There are compounds found in chocolate (methylxanthines theobromine and caffeine) that are highly toxic for dogs.  Darker chocolates and cocoa powders have more of these compounds than lighter chocolates, and white chocolate has very little.  While these compounds are metabolized very quickly in humans, they break down very slowly in dogs.  Because they are processed so much more slowly in dogs, they can accumulate quickly and reach toxic levels.  The effects of the toxin depends on the weight of your dog and how much chocolate they consumed.  

Mild reactions to chocolate toxicity will include digestive distress – indicated by upset stomach, vomiting, and/or diarrhea.  Consumption of larger amounts of chocolate can result in more severe health effects – tremors, seizures, heart malfunctions, damage to the pancreas, internal bleeding and more.  Moderate to severe symptoms require veterinary treatment and can result in fatality.

If your pet has eaten chocolate and is experiencing any symptoms beyond mild reactions, give us a call and let us know so that we can advise you on the best actions for your pet.  Use the calculator provided below for general guidance based on weight and amount of chocolate consumed.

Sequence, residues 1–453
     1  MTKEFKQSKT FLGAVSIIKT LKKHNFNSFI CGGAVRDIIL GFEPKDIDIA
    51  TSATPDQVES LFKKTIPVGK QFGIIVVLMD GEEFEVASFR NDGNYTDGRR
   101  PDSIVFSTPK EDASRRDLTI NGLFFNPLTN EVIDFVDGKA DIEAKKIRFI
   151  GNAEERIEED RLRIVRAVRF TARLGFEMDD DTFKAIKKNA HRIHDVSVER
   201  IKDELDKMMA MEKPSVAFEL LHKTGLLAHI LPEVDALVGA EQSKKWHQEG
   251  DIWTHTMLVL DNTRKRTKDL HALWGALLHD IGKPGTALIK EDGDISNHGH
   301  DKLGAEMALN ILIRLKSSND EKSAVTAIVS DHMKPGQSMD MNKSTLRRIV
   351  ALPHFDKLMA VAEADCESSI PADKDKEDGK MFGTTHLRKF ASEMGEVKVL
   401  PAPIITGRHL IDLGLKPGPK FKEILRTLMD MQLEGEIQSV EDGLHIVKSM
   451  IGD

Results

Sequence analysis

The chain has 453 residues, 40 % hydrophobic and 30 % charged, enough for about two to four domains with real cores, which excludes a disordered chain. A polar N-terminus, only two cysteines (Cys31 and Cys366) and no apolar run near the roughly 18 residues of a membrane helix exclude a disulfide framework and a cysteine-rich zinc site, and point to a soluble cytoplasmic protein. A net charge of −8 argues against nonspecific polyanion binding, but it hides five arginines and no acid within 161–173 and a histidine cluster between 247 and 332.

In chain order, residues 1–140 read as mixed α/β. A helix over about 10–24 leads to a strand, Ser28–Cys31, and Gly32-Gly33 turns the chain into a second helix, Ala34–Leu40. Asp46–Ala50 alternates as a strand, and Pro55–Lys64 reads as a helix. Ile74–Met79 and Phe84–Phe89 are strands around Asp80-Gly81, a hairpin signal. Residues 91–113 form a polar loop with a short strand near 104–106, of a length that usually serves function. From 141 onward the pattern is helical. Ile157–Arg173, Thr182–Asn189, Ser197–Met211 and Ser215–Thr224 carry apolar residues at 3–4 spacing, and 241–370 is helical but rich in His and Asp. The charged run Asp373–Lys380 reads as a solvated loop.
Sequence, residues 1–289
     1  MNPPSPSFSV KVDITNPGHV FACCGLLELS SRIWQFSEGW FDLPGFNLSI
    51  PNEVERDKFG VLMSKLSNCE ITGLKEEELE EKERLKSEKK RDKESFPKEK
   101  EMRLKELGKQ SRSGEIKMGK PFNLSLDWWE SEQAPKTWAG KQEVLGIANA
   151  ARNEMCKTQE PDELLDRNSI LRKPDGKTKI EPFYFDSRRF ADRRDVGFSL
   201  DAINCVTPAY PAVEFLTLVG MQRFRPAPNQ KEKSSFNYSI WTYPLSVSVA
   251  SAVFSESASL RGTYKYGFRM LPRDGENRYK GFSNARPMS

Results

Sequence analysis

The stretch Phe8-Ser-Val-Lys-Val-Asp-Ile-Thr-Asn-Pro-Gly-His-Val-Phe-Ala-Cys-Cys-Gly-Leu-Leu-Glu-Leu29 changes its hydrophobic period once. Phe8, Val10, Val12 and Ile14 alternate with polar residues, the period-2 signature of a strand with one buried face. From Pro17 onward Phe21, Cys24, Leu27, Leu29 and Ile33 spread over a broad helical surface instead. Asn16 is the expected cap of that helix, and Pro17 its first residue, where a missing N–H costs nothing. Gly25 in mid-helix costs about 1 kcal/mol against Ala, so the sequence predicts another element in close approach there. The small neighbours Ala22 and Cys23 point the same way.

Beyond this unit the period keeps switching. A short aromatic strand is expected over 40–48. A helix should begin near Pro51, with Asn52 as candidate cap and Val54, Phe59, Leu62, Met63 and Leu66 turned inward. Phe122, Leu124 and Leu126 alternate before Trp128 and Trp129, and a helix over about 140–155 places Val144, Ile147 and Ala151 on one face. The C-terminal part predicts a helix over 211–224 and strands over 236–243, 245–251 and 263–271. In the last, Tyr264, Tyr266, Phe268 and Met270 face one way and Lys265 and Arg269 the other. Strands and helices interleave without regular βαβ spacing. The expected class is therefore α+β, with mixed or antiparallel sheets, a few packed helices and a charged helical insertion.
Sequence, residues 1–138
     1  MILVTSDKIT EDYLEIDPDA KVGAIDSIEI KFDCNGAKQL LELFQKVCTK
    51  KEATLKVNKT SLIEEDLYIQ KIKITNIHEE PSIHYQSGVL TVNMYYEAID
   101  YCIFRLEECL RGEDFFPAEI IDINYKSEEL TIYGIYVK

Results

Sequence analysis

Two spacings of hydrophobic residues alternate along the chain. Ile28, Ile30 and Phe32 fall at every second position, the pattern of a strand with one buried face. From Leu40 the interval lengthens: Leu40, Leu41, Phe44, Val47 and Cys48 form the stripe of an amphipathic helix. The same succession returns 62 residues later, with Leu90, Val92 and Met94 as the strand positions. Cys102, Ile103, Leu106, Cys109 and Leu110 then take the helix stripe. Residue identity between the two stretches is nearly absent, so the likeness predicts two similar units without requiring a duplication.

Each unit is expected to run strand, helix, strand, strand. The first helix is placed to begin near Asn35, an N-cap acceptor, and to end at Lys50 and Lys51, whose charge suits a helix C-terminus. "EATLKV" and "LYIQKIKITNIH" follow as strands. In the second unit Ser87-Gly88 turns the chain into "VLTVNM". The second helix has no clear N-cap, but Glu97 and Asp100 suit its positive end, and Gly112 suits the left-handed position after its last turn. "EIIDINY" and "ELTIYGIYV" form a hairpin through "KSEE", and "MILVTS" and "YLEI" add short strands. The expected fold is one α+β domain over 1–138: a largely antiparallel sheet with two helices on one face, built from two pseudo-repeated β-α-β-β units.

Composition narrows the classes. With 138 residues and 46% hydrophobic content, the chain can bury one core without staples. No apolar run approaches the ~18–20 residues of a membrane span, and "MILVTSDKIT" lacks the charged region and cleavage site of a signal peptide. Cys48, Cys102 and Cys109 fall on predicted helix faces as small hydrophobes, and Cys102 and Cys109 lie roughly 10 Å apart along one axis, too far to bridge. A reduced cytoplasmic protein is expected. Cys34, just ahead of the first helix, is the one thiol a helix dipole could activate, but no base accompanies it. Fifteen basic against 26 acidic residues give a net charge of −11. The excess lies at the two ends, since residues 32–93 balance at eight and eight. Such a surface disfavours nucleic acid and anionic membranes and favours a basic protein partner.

Note: one Hershey’s Kiss is approximately .16 ounces; one single bar of chocolate is approximately 1.55 ounces; and a large bar of chocolate is approximately 4.4 ounces.
 

stray animal

If you are a person that has a natural affinity for pets, you are likely at some point to come into contact with a stray or feral animal that might need help.  A stray animal is one that has had contact and socialization experiences with people at some point in its past, but has been lost or is no longer in a domestic living situation.  A feral animal is one that has never been socialized with humans – as it was likely born in the wild and has remained so.

Safety (for both you and the animal) is the most important consideration when trying to rescue a stray or feral cat or dog.  Since you have no knowledge of the animal’s medical condition or of it’s past experiences with people, there is little guidance on how it might react to someone trying to intervene on its behalf.  Chances are that the animal will be fearful and wary (your presence can be a high stress situation for it), in which case it is more likely to act aggressively as a way to protect itself, so biting and scratching behavior can be expected.